The Association Between Depressive Symptoms and Acute Exacerbations of COPD
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Depression is an important comorbidity for patients with chronic obstructive pulmonary disease (COPD). The association between depression and acute exacerbations of COPD is unknown. This study was designed to determine the frequency of COPD exacerbations in outpatients with and without depressive symptoms.
In this retrospective cohort study, patients with a primary diagnosis of COPD were followed for 1 year after discharge from a pulmonary rehabilitation program and the frequency of exacerbations was recorded. Upon completion of the program, all patients were administered the Short-Form 36 Health Survey (SF-36), which contains a mental health domain. Patients were classified as having depressive symptoms based on their domain score, which was separately validated in a second population of patients.
Of the 194 patients with COPD who completed the pulmonary rehabilitation program, 32 (16.5%) had depressive symptoms. There were no differences in terms of age, race, pack-years, forced expiratory volume in 1 second (FEV1), 6-minute walk distance, body mass index, use of supplemental oxygen, use of inhaled steroids, or the Charlson Comorbidity Index between patients with and without depressive symptoms. Patients with depressive symptoms had more exacerbations in the following year (1.91 vs. 1.36; p = 0.02), were 2.8 times more likely to have ever had an exacerbation (95% confidence interval (CI), 1.1–7.3; p = 0.03), and suffered a first exacerbation earlier (148 days compared with 266 days; p = 0.04) than nondepressed patients.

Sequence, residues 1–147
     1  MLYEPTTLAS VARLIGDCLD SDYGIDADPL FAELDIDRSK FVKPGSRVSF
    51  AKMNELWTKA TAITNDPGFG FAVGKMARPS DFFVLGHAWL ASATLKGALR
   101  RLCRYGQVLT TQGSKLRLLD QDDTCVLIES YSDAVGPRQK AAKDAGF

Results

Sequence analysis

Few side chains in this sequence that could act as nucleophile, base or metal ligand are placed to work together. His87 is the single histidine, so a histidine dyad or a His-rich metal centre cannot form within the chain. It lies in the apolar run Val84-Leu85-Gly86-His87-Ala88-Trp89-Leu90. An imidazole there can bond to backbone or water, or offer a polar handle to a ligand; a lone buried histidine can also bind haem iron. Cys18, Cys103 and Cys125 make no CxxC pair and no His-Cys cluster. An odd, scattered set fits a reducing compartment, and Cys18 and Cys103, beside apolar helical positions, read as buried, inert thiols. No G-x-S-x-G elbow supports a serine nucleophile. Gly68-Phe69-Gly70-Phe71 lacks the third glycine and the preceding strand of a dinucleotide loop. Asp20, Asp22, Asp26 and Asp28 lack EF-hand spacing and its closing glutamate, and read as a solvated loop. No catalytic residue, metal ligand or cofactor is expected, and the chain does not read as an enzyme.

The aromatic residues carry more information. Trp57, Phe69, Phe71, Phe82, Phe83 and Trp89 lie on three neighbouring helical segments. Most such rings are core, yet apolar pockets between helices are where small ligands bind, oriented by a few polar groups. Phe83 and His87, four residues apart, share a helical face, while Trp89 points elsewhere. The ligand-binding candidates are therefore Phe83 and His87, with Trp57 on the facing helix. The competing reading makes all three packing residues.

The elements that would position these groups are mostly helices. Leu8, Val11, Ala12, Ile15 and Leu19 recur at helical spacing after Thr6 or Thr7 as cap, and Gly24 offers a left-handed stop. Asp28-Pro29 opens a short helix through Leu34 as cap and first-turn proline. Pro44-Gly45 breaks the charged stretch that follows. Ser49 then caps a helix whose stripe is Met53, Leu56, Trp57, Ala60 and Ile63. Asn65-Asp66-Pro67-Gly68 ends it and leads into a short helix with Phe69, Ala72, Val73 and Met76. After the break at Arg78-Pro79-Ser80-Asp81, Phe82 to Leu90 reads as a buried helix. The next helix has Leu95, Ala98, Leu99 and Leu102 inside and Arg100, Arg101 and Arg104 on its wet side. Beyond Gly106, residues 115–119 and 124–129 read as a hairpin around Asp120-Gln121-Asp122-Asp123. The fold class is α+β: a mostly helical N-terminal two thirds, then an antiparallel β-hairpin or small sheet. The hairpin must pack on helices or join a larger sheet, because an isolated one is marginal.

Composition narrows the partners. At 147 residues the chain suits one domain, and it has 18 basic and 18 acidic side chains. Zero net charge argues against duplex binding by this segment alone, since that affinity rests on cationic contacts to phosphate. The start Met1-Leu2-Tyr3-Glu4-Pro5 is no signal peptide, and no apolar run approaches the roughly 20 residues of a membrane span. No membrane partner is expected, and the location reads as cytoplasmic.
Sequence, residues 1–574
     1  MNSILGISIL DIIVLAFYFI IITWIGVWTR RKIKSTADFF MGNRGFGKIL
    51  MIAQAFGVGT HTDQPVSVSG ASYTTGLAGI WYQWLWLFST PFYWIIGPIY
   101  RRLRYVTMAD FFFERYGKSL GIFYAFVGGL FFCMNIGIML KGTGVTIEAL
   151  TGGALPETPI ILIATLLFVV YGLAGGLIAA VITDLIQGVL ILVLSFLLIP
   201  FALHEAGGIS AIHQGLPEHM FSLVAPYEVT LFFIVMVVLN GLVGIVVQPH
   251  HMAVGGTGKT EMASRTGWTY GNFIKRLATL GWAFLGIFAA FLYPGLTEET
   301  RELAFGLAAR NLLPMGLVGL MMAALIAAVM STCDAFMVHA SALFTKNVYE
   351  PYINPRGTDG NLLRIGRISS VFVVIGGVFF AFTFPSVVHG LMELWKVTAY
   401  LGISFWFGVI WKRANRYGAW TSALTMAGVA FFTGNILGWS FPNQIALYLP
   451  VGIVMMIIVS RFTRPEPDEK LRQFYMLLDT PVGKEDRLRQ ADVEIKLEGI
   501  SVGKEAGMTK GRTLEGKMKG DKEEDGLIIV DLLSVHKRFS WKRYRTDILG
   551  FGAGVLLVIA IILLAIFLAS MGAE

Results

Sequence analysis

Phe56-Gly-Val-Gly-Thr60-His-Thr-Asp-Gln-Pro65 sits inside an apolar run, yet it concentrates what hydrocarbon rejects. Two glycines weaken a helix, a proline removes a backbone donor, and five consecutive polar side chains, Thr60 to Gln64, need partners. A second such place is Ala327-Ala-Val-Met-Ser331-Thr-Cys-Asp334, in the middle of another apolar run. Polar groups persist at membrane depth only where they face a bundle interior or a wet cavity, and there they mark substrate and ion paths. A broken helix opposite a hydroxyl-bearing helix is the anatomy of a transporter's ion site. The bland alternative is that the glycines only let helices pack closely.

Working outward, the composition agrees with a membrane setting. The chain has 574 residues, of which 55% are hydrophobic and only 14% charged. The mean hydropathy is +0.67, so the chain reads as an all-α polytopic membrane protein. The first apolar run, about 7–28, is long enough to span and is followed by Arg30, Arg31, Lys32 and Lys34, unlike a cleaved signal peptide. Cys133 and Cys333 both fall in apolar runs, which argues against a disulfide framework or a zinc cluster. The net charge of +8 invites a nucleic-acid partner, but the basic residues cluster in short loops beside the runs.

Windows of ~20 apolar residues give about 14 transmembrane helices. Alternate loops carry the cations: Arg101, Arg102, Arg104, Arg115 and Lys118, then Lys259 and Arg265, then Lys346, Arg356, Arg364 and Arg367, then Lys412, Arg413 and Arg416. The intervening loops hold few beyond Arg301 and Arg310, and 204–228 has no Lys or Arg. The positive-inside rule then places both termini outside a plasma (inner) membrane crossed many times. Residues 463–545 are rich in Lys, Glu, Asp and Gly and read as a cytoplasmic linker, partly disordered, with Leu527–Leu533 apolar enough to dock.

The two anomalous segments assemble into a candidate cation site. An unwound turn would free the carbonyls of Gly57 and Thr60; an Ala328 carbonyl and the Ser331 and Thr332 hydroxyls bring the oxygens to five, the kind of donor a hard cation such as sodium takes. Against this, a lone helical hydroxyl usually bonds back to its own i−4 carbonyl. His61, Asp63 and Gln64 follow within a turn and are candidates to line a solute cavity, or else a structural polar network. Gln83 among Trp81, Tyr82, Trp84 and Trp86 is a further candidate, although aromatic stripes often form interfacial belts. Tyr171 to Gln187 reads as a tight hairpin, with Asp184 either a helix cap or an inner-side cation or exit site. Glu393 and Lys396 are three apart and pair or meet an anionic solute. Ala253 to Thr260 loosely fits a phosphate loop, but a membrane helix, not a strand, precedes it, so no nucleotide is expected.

COPD patients with depressive symptoms have a significantly higher risk for exacerbations. Early screening for depression in patients with COPD may help identify those patients at higher risk for subsequent exacerbations.